Agriculture Department to reduce mad cow testing by about 90 percent |

Agriculture Department to reduce mad cow testing by about 90 percent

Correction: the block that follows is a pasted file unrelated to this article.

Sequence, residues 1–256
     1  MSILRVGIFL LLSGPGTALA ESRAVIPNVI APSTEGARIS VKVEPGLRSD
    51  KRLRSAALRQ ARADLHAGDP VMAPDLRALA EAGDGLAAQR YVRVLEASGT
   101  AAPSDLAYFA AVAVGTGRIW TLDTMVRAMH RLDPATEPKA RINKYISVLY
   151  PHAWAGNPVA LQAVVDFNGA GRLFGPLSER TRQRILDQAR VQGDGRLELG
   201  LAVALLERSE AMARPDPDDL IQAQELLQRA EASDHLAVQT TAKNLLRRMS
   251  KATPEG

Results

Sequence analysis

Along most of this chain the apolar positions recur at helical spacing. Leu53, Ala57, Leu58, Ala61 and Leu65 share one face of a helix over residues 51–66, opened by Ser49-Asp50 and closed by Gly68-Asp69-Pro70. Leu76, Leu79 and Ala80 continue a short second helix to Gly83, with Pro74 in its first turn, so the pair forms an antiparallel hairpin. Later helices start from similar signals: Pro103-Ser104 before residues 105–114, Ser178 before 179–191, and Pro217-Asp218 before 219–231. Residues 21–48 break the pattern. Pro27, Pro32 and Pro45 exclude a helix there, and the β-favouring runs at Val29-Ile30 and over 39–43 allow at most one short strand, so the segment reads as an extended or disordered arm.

WASHINGTON – The Agriculture Department is scaling back its testing program for mad cow disease to one-tenth of what it has been since the discovery of an infected cow in the U.S.Agriculture Secretary Mike Johanns said there is little justification for the current level, which rose to about 1,000 tests a day after the first U.S. case of mad cow disease in December 2003.The new level will be around 110 tests per day for the disease, known medically as bovine spongiform encephalopathy.”It’s time that our surveillance efforts reflect what we now know is a very, very low level of BSE in the United States,” Johanns said.Testing will be scaled back around late August, he said. Johanns said the reduced surveillance remains significantly higher than what is called for by the World Organization for Animal Health.Johanns said he hopes the reduction will not affect the effort to reopen trade with Japan, which has pushed for the current level, or a higher level, of testing. Japan was a huge consumer of U.S. beef before the first American case of mad cow disease.Johanns said Japan should “recognize that what we’ve done here exceeds all the international standards, and the markets should be open to our beef.”Johanns said testing has nothing to do with the safety of U.S. beef for consumers here and abroad. From a food safety standpoint, the real key is the removal at slaughter of cattle parts known to carry mad cow disease, Johanns said.”Those who are trying to convince their consumers that universal testing or 100 percent testing somehow solves the problem really are misleading you,” he said.A consumer advocate said Johanns is the one misleading consumers.”If you do testing of 100 percent of your animals, any ones that test positive never go into the food chain,” said Michael Hansen of Consumers Union. “That’s in part why they do it in Europe, because they’ve seen animals that look perfectly fine, and they catch them just before they go to slaughter.”On an annual basis, the current level of 1,000 tests a day represents about 1 percent of the 35 million cattle slaughtered last year in the United States.The United States has had three confirmed cases of mad cow disease: in December 2003, in a Washington state cow imported from Canada; last June, in a Texas-born cow; and in March, in an Alabama cow.In April, Johanns released a department analysis of testing data, saying the prevalence of mad cow disease “is extraordinarily low.” There are probably four to seven undetected cases of the disease in the U.S., according to the analysis.A panel of independent scientists agreed with the department’s analysis, Johanns said.The brain-wasting disorder infected more than 180,000 cows and was blamed for more than 150 human deaths during a European outbreak that peaked in 1993.Humans can get a related disease, variant Creutzfeldt-Jakob Disease, by eating meat contaminated with mad cow.—On the Net:Agriculture Department: http://www.usda.govVail Colorado

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